The uptake of rooftop solar shows no signs of slowdown – but two states have now legislated to ‘curtail’ this power in order to stabilise the grid, a short-term solution that risks damaging investor and consumer confidence. By Jarni Blakkarly.

Why are state governments curtailing rooftop solar?

A solar panel farm in South Australia, near the Wilpena Pound mountain chain.
A solar panel farm in South Australia, near the Wilpena Pound mountain chain.
Credit: Taras Vyshnya / Alamy

Earlier this month, the Western Australian government gained the power to forcibly switch off or “curtail” household rooftop solar panels in order to protect the grid during times of surging supply in electricity.

The move follows the South Australian government’s example: they gained the power to forcibly curtail rooftop solar in the state last year.

Energy experts say the shift by these states towards mandatory rooftop solar curtailment were necessary, given the risks of excess supply to the grid, but warned that the measures should be a short-term or stopgap fix while other, longer-term solutions are implemented.

“The big end of town – the large generators – are curtailed first, and the fact that we are needing to go to small-scale rooftop solar PV [photovoltaic] curtailment shows that this really is a last resort,” says energy economist Alan Rai of the University of Technology Sydney.

“This issue has been around for a while, it’s just that the solutions have always been put in the too-hard basket in terms of remedies. Is [curtailing] the only solution? No, and I certainly don’t think it’s the best solution either.”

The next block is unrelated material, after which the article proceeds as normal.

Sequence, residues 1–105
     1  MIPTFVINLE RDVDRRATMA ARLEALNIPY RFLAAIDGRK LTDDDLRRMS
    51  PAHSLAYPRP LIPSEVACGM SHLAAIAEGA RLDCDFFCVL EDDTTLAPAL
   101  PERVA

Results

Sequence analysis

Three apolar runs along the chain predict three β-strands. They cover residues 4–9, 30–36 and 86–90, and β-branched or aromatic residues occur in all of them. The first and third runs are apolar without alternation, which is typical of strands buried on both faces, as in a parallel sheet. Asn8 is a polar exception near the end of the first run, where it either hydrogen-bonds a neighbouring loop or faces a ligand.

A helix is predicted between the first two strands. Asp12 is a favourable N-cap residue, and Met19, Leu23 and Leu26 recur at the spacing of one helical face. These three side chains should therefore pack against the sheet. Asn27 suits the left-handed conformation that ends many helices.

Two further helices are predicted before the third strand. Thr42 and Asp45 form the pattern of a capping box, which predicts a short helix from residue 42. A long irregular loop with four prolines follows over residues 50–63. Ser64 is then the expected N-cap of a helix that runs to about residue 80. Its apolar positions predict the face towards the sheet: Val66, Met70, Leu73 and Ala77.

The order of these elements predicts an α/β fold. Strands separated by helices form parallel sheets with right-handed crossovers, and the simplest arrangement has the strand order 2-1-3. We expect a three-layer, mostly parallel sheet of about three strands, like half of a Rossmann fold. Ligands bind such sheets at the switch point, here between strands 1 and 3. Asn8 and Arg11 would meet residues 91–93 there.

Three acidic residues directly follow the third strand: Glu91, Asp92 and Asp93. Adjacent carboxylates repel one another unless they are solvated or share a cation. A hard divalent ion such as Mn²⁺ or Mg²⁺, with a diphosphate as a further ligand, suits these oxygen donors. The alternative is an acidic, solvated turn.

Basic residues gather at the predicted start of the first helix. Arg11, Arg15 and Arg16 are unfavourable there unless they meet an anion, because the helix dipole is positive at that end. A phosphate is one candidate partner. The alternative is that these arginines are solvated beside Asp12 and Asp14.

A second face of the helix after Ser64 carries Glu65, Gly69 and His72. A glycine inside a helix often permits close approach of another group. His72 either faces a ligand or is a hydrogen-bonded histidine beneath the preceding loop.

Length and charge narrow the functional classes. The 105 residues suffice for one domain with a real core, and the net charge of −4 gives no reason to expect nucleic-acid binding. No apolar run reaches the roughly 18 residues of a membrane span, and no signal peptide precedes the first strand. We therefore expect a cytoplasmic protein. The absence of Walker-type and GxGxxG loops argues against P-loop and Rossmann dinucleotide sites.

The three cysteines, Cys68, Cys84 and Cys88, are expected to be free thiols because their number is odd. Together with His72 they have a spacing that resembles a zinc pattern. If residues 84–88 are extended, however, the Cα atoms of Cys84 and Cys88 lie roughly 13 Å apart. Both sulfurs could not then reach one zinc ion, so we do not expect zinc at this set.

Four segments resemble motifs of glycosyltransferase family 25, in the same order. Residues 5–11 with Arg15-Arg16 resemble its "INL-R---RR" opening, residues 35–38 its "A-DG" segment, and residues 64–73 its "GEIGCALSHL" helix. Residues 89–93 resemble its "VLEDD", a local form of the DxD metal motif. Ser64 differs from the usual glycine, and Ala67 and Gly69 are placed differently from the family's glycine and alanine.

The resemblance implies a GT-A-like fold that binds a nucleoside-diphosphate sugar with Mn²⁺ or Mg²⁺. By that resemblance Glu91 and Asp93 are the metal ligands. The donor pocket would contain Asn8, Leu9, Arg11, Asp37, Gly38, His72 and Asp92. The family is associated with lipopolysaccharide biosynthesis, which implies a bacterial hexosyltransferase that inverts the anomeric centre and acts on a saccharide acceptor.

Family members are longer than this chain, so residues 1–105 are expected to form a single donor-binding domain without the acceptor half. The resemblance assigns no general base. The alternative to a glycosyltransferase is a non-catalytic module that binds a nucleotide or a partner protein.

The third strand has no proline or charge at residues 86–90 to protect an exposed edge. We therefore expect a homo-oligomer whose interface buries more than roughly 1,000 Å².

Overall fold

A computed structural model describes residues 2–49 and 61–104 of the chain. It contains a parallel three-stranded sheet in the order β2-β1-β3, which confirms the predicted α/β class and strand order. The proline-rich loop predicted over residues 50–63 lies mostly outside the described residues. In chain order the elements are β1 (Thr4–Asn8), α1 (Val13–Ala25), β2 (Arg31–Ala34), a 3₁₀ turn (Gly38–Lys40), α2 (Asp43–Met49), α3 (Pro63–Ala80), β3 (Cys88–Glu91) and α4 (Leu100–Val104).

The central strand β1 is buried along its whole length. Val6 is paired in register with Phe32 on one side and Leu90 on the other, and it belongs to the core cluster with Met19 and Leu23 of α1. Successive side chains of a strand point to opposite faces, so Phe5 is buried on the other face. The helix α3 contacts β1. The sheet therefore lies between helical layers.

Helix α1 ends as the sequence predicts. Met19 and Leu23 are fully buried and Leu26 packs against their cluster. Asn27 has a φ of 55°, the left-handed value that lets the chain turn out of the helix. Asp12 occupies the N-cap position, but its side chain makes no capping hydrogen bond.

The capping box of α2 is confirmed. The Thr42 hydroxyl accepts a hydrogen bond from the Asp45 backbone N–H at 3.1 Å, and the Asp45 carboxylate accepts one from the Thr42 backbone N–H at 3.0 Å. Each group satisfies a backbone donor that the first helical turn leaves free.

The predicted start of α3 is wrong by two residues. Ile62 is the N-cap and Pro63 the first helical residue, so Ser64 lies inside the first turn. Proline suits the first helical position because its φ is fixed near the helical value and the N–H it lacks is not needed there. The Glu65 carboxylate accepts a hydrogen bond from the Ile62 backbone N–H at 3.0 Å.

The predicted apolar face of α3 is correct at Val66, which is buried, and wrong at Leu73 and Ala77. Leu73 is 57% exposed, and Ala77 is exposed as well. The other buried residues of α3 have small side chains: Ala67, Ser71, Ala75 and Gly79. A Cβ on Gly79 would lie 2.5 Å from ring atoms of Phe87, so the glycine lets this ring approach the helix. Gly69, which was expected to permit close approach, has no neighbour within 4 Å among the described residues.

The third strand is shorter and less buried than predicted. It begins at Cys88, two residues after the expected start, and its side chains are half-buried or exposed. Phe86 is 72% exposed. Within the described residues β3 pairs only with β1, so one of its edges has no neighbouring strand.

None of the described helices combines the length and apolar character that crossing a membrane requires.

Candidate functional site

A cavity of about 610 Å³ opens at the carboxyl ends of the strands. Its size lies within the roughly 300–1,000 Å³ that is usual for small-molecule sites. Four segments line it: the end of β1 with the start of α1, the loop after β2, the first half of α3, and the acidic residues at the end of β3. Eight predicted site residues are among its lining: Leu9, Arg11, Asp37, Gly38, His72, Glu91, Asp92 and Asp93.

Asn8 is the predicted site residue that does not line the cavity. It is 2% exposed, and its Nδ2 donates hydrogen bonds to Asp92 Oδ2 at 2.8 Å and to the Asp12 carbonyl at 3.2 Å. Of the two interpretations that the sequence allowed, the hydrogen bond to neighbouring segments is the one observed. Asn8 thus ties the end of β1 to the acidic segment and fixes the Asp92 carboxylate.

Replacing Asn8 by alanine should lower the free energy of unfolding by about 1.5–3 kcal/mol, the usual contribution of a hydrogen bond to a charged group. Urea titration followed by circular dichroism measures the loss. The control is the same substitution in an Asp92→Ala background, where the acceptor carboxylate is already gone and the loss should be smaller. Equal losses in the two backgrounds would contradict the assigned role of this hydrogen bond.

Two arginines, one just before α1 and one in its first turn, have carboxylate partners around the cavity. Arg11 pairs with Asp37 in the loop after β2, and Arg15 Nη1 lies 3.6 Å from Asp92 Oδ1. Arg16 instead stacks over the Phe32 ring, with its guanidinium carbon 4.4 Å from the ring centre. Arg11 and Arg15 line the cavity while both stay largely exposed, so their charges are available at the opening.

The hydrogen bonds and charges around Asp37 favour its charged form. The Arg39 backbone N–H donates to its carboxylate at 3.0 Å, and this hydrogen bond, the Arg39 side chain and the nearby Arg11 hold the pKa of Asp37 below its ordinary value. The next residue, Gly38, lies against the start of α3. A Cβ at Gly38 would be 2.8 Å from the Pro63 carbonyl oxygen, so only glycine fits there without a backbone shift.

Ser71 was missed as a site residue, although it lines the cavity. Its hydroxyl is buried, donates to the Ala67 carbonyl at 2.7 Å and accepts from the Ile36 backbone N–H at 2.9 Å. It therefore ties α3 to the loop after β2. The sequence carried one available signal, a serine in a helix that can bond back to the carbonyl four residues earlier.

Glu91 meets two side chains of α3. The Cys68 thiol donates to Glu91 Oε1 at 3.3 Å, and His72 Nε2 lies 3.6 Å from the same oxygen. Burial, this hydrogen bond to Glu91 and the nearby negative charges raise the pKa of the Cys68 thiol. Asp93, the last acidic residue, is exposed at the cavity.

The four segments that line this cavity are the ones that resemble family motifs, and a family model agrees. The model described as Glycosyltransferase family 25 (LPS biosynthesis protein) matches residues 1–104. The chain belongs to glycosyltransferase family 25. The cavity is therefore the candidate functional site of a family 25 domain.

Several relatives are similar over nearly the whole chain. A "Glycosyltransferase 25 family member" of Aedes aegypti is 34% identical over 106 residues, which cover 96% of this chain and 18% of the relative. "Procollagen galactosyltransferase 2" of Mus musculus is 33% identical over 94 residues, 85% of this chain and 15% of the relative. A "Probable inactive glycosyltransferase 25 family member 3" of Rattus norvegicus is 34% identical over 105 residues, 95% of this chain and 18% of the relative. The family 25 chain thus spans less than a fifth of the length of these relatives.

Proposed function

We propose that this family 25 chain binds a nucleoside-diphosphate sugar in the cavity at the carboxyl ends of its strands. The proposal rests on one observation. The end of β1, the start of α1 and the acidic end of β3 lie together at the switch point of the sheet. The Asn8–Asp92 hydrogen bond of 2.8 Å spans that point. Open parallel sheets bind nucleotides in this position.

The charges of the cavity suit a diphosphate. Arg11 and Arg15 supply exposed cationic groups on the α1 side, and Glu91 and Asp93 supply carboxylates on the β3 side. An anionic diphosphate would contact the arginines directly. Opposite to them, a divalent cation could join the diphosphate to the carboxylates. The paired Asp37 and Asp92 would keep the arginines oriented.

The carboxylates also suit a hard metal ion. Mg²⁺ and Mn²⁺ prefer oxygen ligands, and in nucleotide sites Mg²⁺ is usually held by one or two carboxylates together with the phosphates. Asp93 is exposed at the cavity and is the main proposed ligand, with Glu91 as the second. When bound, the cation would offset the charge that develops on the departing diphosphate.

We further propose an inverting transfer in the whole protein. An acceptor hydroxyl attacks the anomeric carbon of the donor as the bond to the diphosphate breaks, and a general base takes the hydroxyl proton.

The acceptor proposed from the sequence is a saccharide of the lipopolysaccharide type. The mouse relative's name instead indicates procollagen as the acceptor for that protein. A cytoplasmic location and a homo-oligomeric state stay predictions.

The new WA rules require all new solar or upgraded solar panels to have inverters installed, which will allow authorities to switch off its generation.

WA Energy minister Bill Johnston said the new rules were like using a “scalpel rather than a shotgun”.

Rooftop solar uptake, which many thought would drop off due to the Covid-19 pandemic and related economic challenges, has continued to surge around Australia. Figures from the Clean Energy Regulator show that a record 3000 megawatts of small-scale solar capacity was added to the grid in 2021, up from the previous, record-breaking high in 2020. But with added capacity comes added challenges to the supply network, including what to do during peak times when demand can’t keep up with the huge level of supply.

Australian National University research fellow Lee White says supply in excess of demand can ultimately damage the grid and needs to be managed in some way.

The WA government has stressed that curtailing of household solar will only happen on rare occasions, during emergencies in the grid, and will not be a common occurrence. White believes people will welcome the statements, but the proof will be in monitoring the use of the measure over time.

“The main thing that matters is how it’s implemented, how they’re monitoring and tracking that to ensure that it really is just an emergency measure versus being part of just regular grid planning,” White says, adding that she wouldn’t want curtailment to be “delaying investments that could move towards energy transition”.

“If it’s just an emergency shutoff twice a year, it’s not too bad. But if it becomes something that this is the main way of managing, without also putting in the resources to strengthen the grid long term, then that would be really damaging to clean energy in the long run,” she added.

Human geographer Sophie Adams, of UNSW Sydney, recently conducted focus groups with owners of household rooftop solar panels in and around Adelaide and found most had little to no knowledge or understanding of curtailment.